Quadratic Voting for Polkadot Governance

With OpenGov landing on Polkadot in a few days I’d like to take a step back and see where we actually want to go as an ecosystem. I’d like to make the case that OpenGov is a plutocracy and doesn’t fit the requirements of a desirable governance model for web3. I’d like to argue why quadratic voting would provide a healthier middle ground on the spectrum between plutocracy and one-person-one-vote democracy.

Governance should derive its authority from legitimate sources. PoS and token voting as in OpenGov are legitimate in the sense that those who have more to lose have more to say. In an unbounded and pure market the capital will accumulate at very few individuals. A global one person one vote democracy, on the other hand, would not be legitimate for Polkadot because it would give people a vote who don’t care about Polkadot, are not affected by its decisions and have nothing at stake.

Governance should encourage the active participation and inclusion of all individuals and groups affected by its decisions. This is where OpenGov will fail. On Kusama it became obvious that referenda are decided by very few individuals and that an assumed 95% of all votes casted are absolutely irrelevant (not knowing how many humans are behind those 95% - nor the other 5%). This will lead to resignation and a lack of representation of many people who are affected by governance decisions. Vote delegation and conviction voting may help ease the plutocracy a little bit. Delegation helps with meritocratic representation and conviction voting may help protect the interests of minorities. But I don’t believe that we can be satisfied with this.

Quadratic voting applies the square root to the weight of committed tokens used for voting per account and therefore reduces the effect of capital vs. personhood while still giving capital a strong (enough) voice. By adjusting the exponent, one could even to some extent tune the balance between one-person-one-vote and one token one vote.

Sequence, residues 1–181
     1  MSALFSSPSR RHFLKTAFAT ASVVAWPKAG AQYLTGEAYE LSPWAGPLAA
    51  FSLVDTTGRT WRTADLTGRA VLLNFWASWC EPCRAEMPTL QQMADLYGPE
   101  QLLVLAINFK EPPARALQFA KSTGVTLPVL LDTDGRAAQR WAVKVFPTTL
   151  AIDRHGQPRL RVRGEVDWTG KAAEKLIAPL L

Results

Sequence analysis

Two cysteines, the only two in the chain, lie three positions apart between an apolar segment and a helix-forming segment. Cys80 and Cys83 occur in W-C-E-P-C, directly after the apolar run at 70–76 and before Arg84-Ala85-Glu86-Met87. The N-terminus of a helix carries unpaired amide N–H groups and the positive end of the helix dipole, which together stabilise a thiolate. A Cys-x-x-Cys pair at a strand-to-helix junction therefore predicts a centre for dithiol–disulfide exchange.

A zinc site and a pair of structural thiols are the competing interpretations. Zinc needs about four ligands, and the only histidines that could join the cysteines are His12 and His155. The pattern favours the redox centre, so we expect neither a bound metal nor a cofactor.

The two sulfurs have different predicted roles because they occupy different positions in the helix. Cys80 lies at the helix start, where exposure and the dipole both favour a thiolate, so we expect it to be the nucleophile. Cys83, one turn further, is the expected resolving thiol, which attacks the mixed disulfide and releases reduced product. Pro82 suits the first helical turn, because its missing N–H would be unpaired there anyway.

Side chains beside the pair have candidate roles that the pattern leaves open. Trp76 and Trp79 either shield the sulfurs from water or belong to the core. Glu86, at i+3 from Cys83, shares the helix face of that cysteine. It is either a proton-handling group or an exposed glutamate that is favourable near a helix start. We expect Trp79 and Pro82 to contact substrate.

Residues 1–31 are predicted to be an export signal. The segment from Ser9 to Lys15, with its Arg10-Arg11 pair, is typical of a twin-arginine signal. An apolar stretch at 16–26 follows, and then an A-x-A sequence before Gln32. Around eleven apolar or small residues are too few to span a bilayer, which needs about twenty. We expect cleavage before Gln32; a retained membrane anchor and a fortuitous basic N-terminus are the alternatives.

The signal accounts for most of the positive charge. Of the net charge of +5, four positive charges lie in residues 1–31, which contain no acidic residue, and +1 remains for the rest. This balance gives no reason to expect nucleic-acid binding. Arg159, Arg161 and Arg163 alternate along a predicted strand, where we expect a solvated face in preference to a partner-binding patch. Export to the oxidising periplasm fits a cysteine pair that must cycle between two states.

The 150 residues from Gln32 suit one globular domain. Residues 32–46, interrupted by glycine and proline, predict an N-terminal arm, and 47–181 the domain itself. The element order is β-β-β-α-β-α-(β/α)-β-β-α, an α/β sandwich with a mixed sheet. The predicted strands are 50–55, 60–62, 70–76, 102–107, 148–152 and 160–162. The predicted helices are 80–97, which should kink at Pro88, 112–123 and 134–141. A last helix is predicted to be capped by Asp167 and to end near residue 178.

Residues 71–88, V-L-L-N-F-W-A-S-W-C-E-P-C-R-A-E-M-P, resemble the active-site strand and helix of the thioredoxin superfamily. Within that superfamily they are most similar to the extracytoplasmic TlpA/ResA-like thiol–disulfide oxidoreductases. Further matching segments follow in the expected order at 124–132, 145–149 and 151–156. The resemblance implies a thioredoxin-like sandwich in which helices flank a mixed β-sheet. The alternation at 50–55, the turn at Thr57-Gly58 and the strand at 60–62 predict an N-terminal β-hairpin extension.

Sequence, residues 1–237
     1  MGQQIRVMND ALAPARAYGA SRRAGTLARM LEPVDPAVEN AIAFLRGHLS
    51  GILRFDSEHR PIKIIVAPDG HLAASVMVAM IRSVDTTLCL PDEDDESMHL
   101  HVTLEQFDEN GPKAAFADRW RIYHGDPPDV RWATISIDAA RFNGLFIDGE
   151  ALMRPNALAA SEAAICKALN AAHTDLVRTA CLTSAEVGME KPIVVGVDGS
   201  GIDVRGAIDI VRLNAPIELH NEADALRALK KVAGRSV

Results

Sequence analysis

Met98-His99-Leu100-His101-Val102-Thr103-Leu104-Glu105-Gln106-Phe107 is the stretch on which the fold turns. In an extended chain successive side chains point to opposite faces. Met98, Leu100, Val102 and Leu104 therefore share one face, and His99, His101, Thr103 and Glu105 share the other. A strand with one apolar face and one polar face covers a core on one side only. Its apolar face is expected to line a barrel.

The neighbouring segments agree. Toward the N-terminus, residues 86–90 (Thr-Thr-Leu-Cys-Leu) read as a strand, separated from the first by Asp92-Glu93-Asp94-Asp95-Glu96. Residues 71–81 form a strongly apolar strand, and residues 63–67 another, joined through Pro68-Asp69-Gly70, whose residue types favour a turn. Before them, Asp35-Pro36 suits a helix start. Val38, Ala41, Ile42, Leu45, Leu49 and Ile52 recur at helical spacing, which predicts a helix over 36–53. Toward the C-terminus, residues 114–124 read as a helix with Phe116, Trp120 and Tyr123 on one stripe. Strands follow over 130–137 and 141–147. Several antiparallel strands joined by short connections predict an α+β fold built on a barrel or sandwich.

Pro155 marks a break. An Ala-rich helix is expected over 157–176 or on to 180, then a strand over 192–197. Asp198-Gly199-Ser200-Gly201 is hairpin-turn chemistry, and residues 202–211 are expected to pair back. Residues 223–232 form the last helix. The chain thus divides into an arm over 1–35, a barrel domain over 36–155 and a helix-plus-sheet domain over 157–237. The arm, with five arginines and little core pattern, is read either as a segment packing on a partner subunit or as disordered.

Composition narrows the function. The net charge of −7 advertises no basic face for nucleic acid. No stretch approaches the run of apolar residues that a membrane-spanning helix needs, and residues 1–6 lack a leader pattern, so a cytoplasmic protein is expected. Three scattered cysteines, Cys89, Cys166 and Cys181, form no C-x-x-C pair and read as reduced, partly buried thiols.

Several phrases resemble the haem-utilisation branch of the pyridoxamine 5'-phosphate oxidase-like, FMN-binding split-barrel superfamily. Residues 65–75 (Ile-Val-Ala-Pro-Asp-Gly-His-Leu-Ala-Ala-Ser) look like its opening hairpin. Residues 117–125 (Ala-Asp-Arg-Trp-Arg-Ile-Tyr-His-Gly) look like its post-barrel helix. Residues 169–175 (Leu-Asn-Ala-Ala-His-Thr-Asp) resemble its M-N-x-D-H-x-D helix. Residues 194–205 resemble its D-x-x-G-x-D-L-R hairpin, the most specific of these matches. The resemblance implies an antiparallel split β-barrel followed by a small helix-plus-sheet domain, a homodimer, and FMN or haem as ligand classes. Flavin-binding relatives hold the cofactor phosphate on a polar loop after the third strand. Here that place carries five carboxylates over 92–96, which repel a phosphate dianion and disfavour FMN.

Quadratic voting, however, can only work in sybil-resilient system. The following simple example shall show why this is the case (for simplicity, conviction is 1x):

Uncle Scrooge votes Aye with 25 DOT
4 other people vote Nay with 4 DOT

  • In token voting, it’s 25 vs 16, so it is an Aye
  • In one-person-one-vote it’s a 1 to 4, so it’s a Nay
  • In quadratic voting its sqrt(25) to 4 * sqrt(4) = 5 to 8, so it’s a Nay

Now, Uncle Scrooge is clever and distributes his funds evenly on 25 accounts

  • now it’s 25 * sqrt(1) vs 4 * sqrt(4) = 25 to 8, so it’s Aye

So, a sybil attack can change the outcome, given the same capital distribution

How can Polkadot governance become sybil-resilient?

  1. State issued ID’s could be used for KYC (i.e. as recently announced by KILT&deloitte)
  2. Biometric Identity based (I’m not gonna go there and argue elsewhere why this is the least desirable option)
  3. Social Graph based (i.e. BrightID)
  4. Pseudonym Parties (in-person, like Encointer or virtual)

For more details I recommend to read this amazing paper by Bryan Ford: Identity and Personhood in Digital Democracy: Evaluating Inclusion, Equality, Security, and Privacy in Pseudonym Parties and Other Proofs of Personhood